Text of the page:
Why Theory Construction Must Include Ontological Commitment

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Submission Summary
Current approaches to resolving psychology’s theoretical problems converge in their call for the further formalization of psychological theory (e.g., Fried, 2020; Van Rooij & Baggio, 2021; Borsboom et al., 2021; Robinaugh et al., 2021; Guest & Martin, 2021). In contrast, we have argued that psychology’s theoretical problems are in large part caused by issues independent from whether theories are represented verbally, formally or mathematically (e.g., Eronen & Bringmann, 2021; Oude Maatman, 2021). In this talk, we focus on the most fundamental of these issues, which has received little attention in the debate so far: that psychological theory generally is ontologically unspecific. More specifically, it often remains unclear how the constructs and processes described in psychological theories could be realized in the world, or even what the referents of key theoretical concepts are – despite their being treated as real causes. Concepts and constructs are often defined either operationally (e.g., intelligence; ego depletion; Lurquin & Miyake, 2017), functionally (e.g., creativity; Runco & Jaeger, 2012; implicit attitudes; Greenwald & Banaji, 1995; Greenwald & Lai, 2020) or by simply adopting their lexical, folk psychological definition (e.g., in emotion research; Fiske, 2020). Furthermore, psychological theorizing is often completely independent from any foundational theory of the nature of human cognition or approach to the mind-body problem, instead consisting of positing folk-psychologically intuitive causal relationships and mechanisms with few further constraints (see also Danziger, 1997). It thus often remains unclear what the exact ontological commitments of psychological theories are in terms of what particular entities or processes they posit to exist, how hypothesized causal relationships among them are assumed to be realized, or how they fit into a scientific picture of human cognition as a whole. In our talk, we show that this lack of ontological commitment is highly problematic for scientific practice in psychology (cf. Hochstein, 2019). Without a clear ontology, it becomes impossible to delimit the set of causally relevant variables for any to be explained process or phenomenon. Yet, without such delimitation one cannot determine under which conditions an effect or phenomenon should occur or not, which heavily complicates the design of experiments, the interpretation of (non-)replications, and any claims about the generalizability of experimentally identified effects (e.g., Cartwright, 2009). Such delimitation is also necessary to create theory-derived models for prediction or causal inference; if relevant causes are not included, these after all would fail. Without a clear ontology and well-delineated referents for concepts, one also cannot argue or determine whether psychological interventions only affect the intended concept (i.e., the problem of fat-handedness; Eronen, 2020) or that conceptually similar experiments or measurement techniques indeed tap into the same phenomenon or construct. Despite its potential benefits, formalization cannot resolve these issues; the only solution lies in conceptual work, in the form of creating or adopting an ontology. Given the broad scope of the aforementioned problems, we conclude that theory construction (method) in psychology needs to engage with ontology and ontological commitments if psychological science is to advance.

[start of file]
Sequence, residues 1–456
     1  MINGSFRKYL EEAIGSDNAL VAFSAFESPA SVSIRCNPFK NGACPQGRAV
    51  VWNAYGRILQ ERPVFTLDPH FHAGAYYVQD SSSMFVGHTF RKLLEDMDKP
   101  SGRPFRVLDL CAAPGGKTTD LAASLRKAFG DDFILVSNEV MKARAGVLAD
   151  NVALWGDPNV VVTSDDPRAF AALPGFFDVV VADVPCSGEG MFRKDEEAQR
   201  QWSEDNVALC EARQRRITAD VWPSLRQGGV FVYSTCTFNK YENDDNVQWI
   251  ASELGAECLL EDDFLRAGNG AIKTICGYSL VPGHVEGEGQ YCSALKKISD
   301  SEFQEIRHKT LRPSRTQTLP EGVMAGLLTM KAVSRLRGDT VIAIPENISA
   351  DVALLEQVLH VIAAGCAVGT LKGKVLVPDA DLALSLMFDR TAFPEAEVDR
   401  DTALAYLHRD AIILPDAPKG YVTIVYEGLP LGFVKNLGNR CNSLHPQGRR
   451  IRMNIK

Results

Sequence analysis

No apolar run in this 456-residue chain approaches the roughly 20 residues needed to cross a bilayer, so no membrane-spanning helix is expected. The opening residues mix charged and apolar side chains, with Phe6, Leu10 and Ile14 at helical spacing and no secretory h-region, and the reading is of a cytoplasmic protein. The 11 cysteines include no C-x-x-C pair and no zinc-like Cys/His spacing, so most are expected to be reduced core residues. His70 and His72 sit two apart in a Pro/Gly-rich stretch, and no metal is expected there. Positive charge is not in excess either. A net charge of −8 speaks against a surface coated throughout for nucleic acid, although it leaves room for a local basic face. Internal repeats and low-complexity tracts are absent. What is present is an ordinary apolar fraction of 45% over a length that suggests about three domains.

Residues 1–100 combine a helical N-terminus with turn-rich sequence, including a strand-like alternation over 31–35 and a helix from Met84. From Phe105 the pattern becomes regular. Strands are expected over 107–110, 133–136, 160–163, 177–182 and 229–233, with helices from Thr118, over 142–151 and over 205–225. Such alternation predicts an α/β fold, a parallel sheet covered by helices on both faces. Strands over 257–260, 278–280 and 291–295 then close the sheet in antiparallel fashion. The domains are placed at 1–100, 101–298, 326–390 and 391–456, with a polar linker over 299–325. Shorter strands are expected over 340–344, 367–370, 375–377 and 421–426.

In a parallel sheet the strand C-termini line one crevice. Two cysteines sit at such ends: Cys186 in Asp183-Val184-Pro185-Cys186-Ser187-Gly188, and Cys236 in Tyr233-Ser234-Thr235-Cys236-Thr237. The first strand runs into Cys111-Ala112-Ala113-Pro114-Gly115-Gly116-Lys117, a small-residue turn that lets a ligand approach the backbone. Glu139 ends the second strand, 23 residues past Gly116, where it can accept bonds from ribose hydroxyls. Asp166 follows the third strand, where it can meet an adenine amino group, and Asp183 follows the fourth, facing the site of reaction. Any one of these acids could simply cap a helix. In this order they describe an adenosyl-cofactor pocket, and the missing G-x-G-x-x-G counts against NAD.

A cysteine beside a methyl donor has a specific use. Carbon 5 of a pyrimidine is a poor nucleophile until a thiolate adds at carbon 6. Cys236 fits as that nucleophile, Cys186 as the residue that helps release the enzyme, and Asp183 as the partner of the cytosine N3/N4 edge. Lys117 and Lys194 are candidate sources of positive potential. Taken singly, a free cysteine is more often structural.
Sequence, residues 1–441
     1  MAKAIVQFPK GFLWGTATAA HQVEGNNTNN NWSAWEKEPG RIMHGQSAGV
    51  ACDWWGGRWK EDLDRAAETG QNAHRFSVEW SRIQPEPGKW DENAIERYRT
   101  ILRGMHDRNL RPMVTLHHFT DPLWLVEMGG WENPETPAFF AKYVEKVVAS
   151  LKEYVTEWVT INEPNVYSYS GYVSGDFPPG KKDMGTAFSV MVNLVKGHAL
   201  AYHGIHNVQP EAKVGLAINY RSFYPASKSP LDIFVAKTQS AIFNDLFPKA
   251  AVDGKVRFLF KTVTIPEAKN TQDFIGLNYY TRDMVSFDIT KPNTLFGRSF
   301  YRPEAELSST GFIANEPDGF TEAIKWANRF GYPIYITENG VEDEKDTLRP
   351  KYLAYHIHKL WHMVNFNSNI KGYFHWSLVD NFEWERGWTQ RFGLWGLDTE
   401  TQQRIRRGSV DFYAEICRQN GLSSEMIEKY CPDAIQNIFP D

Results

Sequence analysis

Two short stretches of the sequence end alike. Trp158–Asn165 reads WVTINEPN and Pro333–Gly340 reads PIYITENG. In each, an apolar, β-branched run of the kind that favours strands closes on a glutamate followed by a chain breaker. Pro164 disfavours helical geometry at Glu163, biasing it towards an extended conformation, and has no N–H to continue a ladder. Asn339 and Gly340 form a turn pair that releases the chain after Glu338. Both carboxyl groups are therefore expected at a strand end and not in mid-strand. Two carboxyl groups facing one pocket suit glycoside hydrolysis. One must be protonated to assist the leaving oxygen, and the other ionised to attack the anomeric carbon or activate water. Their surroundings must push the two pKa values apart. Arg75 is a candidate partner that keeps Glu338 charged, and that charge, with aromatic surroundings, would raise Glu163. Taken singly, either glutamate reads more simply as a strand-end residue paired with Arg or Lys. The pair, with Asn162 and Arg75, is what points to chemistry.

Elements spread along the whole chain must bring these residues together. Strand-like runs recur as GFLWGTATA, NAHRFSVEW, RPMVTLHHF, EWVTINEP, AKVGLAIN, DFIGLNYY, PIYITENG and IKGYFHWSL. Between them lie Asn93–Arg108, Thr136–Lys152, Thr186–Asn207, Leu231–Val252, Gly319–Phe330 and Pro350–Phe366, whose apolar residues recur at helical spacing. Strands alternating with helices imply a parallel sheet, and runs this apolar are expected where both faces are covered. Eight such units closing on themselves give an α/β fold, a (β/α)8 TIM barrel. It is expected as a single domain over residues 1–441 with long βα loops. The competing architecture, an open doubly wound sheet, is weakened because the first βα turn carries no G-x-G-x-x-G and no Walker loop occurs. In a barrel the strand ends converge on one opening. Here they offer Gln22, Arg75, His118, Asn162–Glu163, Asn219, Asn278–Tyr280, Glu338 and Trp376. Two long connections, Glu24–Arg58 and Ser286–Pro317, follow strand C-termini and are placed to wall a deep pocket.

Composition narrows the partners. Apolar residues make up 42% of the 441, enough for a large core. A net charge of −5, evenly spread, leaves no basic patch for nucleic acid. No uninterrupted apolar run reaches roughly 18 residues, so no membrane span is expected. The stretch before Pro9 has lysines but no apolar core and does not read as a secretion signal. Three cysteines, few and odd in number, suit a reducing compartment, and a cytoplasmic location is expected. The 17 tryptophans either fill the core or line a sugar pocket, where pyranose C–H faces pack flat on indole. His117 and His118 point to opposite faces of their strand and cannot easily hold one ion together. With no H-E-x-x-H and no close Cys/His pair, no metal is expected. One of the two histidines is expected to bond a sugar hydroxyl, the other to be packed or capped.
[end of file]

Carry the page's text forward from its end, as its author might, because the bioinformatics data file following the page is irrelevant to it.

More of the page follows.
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Radboud University Nijmegen
University of Groningen

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